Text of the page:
The ONS’s estimate is based on swab testing samples which it sends out to more than 25,000 people in thousands of homes across the country. It predicts only new cases in the community, not hospital patients or people who live in institutions or homes.
Public Health England scientists, meanwhile, have been working with the University of Cambridge to produce their rolling ‘nowcast’ of the country’s current situation. That team uses a collection of data including the numbers of people dying, antibody test results that estimate how many people have already had the virus, and data about the numbers of social interactions people are having.
A separate estimate by the King’s College London team behind the COVID Symptom Tracker mobile app collects government data and numbers from people reporting their symptoms through the free-to-use public app. This also now uses the results of thousands of test results that are reported by the users.
As a result, it almost exclusively picks up people who have symptoms while ill with the virus, which scientists know doesn’t apply to everyone.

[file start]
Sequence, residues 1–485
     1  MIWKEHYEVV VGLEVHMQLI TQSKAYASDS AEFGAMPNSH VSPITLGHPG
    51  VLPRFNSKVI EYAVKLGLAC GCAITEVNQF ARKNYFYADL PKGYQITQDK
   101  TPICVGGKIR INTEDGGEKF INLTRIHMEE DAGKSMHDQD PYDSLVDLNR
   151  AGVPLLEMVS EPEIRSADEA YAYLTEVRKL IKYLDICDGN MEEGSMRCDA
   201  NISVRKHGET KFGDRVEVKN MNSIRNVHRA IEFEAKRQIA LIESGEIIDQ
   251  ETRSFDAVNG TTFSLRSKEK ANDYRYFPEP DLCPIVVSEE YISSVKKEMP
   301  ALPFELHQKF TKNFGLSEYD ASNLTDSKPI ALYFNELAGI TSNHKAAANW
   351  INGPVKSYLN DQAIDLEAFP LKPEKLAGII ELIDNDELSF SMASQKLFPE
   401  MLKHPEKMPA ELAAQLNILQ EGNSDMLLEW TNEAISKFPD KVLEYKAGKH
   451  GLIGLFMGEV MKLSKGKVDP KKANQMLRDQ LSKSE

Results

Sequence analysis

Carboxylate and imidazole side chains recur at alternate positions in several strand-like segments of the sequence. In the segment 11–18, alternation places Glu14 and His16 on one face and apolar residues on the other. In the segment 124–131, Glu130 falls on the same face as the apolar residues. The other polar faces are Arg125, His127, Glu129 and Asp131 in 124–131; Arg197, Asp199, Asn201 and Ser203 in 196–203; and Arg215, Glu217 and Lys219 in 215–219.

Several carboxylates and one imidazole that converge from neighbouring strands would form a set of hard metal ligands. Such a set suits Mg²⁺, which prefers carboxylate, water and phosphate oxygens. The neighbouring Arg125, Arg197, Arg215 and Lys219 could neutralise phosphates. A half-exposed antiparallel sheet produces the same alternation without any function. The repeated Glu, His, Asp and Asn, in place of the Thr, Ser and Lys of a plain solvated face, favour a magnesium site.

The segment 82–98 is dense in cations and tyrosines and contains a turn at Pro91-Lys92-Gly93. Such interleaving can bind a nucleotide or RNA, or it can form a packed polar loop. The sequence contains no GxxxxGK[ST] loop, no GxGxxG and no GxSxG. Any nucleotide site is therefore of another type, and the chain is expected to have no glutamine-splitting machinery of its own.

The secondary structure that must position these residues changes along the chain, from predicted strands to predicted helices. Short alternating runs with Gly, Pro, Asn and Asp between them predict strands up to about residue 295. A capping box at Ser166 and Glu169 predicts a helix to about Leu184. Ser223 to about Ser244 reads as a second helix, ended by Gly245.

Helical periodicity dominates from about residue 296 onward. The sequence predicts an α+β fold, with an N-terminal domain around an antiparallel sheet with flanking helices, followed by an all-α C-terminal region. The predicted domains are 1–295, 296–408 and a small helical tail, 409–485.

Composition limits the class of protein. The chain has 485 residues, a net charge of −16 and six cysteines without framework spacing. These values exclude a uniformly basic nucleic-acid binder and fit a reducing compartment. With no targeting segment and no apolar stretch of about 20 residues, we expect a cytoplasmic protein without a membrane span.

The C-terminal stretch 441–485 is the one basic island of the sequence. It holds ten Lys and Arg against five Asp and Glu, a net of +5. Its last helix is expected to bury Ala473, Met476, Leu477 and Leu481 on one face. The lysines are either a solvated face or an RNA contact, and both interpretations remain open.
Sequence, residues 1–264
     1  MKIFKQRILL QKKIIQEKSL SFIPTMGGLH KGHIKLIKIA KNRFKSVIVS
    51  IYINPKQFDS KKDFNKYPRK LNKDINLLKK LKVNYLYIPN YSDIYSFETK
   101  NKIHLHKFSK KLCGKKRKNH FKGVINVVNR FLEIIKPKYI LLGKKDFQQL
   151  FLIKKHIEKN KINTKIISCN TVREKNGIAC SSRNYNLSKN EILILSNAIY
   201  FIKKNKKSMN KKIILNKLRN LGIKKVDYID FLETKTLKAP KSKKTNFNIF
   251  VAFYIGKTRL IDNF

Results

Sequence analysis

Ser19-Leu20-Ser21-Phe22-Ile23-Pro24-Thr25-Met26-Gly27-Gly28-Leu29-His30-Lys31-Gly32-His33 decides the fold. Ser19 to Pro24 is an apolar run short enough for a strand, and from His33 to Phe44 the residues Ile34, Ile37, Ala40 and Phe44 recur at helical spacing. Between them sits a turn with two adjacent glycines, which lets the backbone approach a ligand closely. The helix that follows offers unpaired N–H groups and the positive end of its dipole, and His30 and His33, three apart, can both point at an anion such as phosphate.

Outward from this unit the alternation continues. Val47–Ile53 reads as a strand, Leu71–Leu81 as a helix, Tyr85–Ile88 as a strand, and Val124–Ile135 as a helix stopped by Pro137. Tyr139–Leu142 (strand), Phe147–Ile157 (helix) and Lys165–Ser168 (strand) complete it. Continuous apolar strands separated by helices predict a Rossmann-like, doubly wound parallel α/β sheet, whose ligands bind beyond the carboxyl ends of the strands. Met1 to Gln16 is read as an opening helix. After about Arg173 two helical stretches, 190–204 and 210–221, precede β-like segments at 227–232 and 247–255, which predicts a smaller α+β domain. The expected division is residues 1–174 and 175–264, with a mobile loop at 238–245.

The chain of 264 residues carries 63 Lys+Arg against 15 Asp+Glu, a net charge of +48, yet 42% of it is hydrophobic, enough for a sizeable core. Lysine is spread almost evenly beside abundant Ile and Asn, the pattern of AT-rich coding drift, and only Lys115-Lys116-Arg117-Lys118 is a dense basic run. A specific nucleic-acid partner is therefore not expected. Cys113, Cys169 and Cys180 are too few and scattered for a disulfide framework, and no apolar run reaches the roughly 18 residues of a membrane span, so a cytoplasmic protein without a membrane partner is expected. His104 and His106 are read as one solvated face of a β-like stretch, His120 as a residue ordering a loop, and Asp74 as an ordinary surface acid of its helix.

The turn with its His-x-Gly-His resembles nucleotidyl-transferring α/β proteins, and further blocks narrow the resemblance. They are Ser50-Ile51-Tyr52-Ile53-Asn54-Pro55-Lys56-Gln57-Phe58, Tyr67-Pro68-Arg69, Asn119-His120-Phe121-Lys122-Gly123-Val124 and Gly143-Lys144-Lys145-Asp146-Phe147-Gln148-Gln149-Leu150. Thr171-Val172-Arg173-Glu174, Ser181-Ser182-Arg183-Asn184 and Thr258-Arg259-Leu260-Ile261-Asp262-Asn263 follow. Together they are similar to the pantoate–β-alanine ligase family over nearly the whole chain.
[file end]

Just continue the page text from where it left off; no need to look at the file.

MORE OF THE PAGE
Dr Paul Birrell, a Cambridge researcher and part of a team of scientists on the PHE project, explained: ‘The symptom tracker tracks only symptomatic infection. You would need to add the asymptomatic proportion onto this to get a number comparable with our estimate. Unfortunately, this proportion isn’t well known.
‘Analysis of data from the cruise ship outbreaks suggest this is about 50 per cent, whereas the ONS study says that as many as 70 per cent are asymptomatic.
‘I think, therefore, you could presume that this 9,400 is really about 20,000.’
The ONS and King’s College app, therefore, aim to pick up almost the exact opposite groups of people. ONS home testing intends to get results from people who do not know they have the virus but testing them regularly, regardless of how they feel.
The COVID Symptom Tracker, meanwhile, is based largely on people reporting their symptoms and updating the system if they get tested. It also collects reports from people who say they don’t have symptoms.
Dr Birrell added: ‘ONS study estimates only infection in the community. They’re not sampling people living in institutions such as care homes, long-term hospital residents or prisons… where one might expect the prevalence and incidence of infection to be higher. I’m not sure this is enough to bridge the gap entirely.’
When asked which set of figures people should believe, he said: ‘Nobody definitively. We’ll be working closely with the ONS to see if we can unpick the differences over the coming weeks.’